Define your ideal customer profile

1. Clarify what your ideal customer profile should accomplish to limit confusion with buyer personas and other profiles.

Great ICPs identify exactly who you look to sell to. The goal of creating ICPs is to identify the type of company that benefits the most from your product. Unlike buyer personas, they focus on quantifiable, objective information to identify which customers your marketing and sales teams should target. ICPs are most frequently used in a B2B context, where they describe the tangible variables of buyers your business should target.

2. Identify the variables to include in your ideal customer profile. Consider options like company size, revenue, geographical location, industry or niche, objectives, and position in company.

For example, HubSpot’s ICP is a marketing professional at businesses that have between 10 and 1,000 employees. This individual often bases operations in the U.S. and has been expanding to Europe and Australia in recent years. You can talk to your sales, customer success teams to idenetify commonalities between accounts, prioritizing clients based on ARR/CLV

3. Identify your top-performing customers by ROI,ARR or CLV and other secondary metrics.

If you don’t already have a clear idea of your best customers, these variables can help you identify them: Most revenue generated through purchases or subscriptions over the past year Most active in reaching out and building a business relationship with you Cognizant of the effectiveness of your solutions Clear ability to purchase your product  Growing and profitable companies with the potential to increase their business relationship with you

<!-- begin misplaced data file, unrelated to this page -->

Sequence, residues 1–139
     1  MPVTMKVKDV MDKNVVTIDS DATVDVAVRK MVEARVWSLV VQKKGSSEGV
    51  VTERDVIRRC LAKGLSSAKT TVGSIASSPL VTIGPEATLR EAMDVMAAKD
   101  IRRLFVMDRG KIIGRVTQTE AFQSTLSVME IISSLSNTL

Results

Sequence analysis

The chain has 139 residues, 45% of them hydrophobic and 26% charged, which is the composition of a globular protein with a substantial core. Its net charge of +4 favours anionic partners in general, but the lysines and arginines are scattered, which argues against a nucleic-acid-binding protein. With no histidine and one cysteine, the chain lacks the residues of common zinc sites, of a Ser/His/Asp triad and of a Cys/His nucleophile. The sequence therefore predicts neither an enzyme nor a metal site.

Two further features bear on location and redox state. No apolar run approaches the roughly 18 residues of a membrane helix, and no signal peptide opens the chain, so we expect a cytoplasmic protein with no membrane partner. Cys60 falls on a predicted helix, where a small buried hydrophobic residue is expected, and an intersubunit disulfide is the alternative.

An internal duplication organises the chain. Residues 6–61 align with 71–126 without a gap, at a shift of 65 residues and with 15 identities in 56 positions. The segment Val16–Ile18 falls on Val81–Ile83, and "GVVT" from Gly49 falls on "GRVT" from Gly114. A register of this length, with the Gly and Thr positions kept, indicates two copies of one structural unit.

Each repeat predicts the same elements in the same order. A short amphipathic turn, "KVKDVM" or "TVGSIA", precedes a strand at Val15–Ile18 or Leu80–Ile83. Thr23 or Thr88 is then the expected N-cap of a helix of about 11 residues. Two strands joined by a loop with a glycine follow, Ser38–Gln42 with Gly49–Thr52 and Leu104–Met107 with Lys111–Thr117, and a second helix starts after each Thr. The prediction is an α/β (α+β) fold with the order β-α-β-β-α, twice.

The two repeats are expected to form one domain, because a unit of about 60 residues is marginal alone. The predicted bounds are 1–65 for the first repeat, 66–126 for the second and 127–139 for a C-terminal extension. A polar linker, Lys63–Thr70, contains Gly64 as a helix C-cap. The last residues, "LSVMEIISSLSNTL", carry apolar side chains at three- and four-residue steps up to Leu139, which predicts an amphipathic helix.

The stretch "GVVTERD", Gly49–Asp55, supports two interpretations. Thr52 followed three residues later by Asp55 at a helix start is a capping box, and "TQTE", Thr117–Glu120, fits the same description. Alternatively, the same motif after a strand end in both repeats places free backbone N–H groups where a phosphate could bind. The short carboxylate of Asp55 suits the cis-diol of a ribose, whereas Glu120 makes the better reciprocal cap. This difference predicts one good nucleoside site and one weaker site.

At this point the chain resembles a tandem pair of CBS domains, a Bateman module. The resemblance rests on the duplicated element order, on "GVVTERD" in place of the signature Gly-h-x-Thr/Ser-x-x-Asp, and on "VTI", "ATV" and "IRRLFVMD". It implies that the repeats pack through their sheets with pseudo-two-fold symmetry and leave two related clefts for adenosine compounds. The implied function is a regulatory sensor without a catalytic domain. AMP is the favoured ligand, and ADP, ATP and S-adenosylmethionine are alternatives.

4. Create a spreadsheet with columns for Customer and each variable you identified earlier. Fill it with information about each of your top-performing customers.

If you can’t determine or reasonably guess quantifiable data, leave the cell blank. Consider asking your most high-value customers for information directly. This ensures a more relevant data set as you begin your analysis.

5. Remove any variables for which you don't have enough reliable data.

For example, if revenue isn’t available for any or most of the customers listed, remove it from your sheet and ICP.

6. Analyze and average each remaining variable.

Best practices for common variables are: Employee number and annual revenue: Use a range that removes any upper or lower outliers but includes most of the customers on the list. Geography and physical location: Use a general geographic area, like a country or state, that includes most of the customers on the list. Business industry and niche: Use the most frequently listed area. Business objectives: List the 1-3 most commonly named objectives. Decision-makers: List the 1-3 most commonly named position titles. For example, an ICP based on these variables may look like: Employee number: 5-25 Annual revenue: $2,000,000-$10,000,000 Business industry and niche: education, consulting Business objectives: sustainable growth, CSR, innovation Decision-makers: Chief Operating Officer, Director of Operations

7. Create a simple infographic of your ideal customer profile.

Visualizing your ICP profiles allows for easy sharing across departments, without any background research needed. Keep your graphics simple to allow for ease of comprehension. Include only the variables that are backed up by data.